Oatmeal

April Bloomfield's English Porridge

April 10, 2013

Every week -- often with your help -- Food52's Senior Editor Kristen Miglore is unearthing recipes that are nothing short of genius.

Today: Porridge, just right. 

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"This is a breakfast game-changer," Food52er Frank Ball wrote to me. He was talking about oatmeal.

More specifically, he was talking about the English Porridge in April Bloomfield's trophy-winning A Girl and Her Pig. It's easily overlooked, what with all the crispy pig ears and banoffee pie. But like everything Bloomfield touches, it's handled with subtle brilliance, and feels somehow new and age-old.

If you've seen it before, it's because the Amateur Gourmet, the Wednesday Chef, and Food52's own Rivka have already signed off on it.

Now the Food52 editorial squad agrees -- it's genius. Here's why: 

The 50/50 Oat Blend

On its own, a bowl of steel-cut oats is a chewy, hearty coal miner's breakfast. A porridge made from rolled oats runs smooth and doesn't bite back -- my great-grandmother, who, by the time I knew her, had no teeth, was legendary for hers.

I refuse to knock either of these, lest the toothless great-grandmothers and coal miners of the world come after me. But can we all agree that they can get a bit tiresome midway through the bowl?

oats

Too much chew, too little chew -- this one's just right: Bloomfield calls for equal parts of both styles of oats, which means the steel-cut bits keep their pop, while the rolled oats melt around them. And getting them to the perfect texture only takes 20 minutes.

More: What's the difference? Get to know your oats (and groats) with our handy primer.

The 50/50 Liquid Blend

Cooking with half milk, half water is enough to make it feel rich and loving, without slogging you down first thing in the morning.

The Salt!

This will seem like a lot of salt. But it won't be too much, because at the end you'll add something sweet and something milky and it will all live in harmony. 

It might also make you think of risotto, and next time you'll want to try some parmesan cheese and a runny egg on top instead. This makes a good breakfast too. 

 

The Formula

Perhaps most importantly, like the most genius of recipes, it's a simple enough formula that you'll memorize it quickly, and start cooking all your porridge this way. You'll see.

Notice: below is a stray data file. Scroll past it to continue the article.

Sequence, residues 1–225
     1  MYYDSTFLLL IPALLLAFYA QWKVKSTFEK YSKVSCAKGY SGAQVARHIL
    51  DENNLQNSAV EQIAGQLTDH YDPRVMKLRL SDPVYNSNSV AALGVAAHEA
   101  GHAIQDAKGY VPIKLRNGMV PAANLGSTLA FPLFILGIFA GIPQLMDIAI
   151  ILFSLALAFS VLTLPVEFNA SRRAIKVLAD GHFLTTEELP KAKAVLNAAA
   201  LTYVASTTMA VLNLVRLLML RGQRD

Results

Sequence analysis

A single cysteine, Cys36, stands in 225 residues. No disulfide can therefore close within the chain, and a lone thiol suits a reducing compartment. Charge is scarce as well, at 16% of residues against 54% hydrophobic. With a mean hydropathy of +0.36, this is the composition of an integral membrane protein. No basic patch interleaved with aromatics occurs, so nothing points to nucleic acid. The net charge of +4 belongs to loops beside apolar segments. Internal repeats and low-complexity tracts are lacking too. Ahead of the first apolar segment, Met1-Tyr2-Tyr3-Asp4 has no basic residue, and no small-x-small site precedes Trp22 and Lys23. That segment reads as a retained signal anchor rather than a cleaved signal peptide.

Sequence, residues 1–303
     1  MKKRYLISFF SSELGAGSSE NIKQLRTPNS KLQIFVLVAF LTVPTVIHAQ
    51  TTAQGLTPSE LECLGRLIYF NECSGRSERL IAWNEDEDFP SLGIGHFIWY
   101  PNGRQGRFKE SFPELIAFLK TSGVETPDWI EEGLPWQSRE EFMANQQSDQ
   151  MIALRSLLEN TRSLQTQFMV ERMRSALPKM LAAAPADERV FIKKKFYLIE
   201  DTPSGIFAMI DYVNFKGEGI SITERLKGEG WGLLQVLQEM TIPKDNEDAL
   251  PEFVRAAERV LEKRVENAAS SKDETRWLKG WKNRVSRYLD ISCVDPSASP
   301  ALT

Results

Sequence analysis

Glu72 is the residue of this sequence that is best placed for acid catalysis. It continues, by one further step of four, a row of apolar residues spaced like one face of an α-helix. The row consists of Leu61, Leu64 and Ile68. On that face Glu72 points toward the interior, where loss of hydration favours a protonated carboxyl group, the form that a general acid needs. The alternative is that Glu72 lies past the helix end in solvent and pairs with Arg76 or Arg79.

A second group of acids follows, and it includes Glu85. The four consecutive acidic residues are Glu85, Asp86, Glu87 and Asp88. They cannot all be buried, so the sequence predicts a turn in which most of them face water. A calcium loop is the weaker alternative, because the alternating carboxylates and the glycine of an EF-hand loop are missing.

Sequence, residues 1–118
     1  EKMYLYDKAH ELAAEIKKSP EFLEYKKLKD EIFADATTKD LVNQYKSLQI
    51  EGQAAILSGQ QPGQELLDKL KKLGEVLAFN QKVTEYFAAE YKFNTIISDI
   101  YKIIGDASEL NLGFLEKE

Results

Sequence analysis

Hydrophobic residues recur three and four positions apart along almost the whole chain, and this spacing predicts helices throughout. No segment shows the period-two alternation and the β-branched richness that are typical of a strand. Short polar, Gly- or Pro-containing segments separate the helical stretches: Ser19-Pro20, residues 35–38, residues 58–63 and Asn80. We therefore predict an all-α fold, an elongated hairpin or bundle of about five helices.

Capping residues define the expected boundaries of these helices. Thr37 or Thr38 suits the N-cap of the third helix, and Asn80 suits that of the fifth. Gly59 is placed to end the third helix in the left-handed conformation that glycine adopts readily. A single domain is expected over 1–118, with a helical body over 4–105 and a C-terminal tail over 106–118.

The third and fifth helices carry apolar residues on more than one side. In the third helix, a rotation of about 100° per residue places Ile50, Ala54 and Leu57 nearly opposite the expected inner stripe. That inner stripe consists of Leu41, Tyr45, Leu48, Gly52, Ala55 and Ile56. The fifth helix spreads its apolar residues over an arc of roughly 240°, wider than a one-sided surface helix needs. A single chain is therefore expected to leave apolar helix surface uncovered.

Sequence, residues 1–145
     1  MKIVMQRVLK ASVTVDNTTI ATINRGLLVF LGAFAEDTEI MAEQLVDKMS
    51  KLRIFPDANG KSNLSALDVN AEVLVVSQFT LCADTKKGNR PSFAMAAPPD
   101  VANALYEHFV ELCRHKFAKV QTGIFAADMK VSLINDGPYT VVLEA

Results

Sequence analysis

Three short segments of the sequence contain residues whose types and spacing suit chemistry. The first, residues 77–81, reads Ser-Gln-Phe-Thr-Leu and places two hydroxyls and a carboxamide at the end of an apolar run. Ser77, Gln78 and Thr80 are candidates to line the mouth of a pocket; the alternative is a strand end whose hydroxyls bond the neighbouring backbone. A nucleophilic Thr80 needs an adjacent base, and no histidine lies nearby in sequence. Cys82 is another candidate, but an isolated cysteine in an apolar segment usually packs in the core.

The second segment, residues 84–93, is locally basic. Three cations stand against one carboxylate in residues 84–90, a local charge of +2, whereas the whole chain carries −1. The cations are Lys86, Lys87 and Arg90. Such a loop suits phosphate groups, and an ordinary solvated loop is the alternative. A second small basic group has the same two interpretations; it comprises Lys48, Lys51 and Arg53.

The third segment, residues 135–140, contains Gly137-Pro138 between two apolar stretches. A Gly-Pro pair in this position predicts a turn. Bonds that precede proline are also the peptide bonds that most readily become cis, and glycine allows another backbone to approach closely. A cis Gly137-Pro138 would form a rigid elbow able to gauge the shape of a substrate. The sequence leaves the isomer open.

The Dressing

Porridge, especially the dressing of it, is extremely personal. Bloomfield is quite specific -- a five-fingered pinch of brown sugar in the middle, with a dribble of milk around the perimeter. I'm with her, but I'll add that the brown sugar should be generous and molten and not get stirred in, and that you should keep a pitcher of cold milk nearby to re-up. 

But if your upbringing recommends a well of melted butter or honey or maple instead, you do that. 

So, how will you make yours? 

april bloomfield's porridge

April Bloomfield's English Porridge

Adapted slightly from A Girl and Her Pig (Ecco, 2012)

Serves 2 to 3

1 1/2 cups whole milk, plus a few splashes
1 1/2 cups water
1 1/2 teaspoons Maldon or other flaky sea salt
1/2 cup rolled oats
1/2 cup steel-cut oats
2 tablespoons sugar or maple syrup

See the full recipe (and save and print it) here.

Got a genius recipe to share -- from a classic cookbook, an online source, or anywhere, really? Please send it my way (and tell me what's so smart about it) at [email protected].

Photos by James Ransom

More:
Overnight Miso Porridge
April Bloomfield's Lemon Caper Dressing
The Piglet 2013 Final Round (spoiler alert: A Girl and Her Pig wins!)

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50 Comments

Lisa L. February 22, 2018
I try most oatmeal recipes that come my way and this is my favorite of all time. My daughter will eat it, but she prefers Ellie Krieger's recipe for Morning Glory Oatmeal, baked with chopped apples, grated carrots, raisins, coconut, and pecans. It, too, is delicious, but more labor intensive, time-consuming to prepare, and not as just plain oatmealy as this . To me, this porridge is like a warm blanket, but I have no trouble eating it no matter the weather. By the way, I don't add the sweetener at the end; I add a drizzle of maple syrup along with milk before I eat it.
 
Thalia August 9, 2014
I absolutely love mine with sweetened condense milk, a splash of good vanilla, and a pinch of cinnamon and nutmeg.
 
robin L. March 1, 2014
i made this for the 2nd time this morning. i gave my son a bowl of it, sweetened w/brown sugar, and i had a bowl of it w/parmesan and a runny egg on top: the savory version was good, but i'll have to try it again a few times to really acquire the savory route!
 
ihaventpoisonedyouyet February 4, 2014
Wonderful oatmeal! And a wonderful, respectful cover that reminds me that meat doesn't magically arrive shrink wrapped in a refrigerator case. It's a brave statement and makes me more appreciative of the process.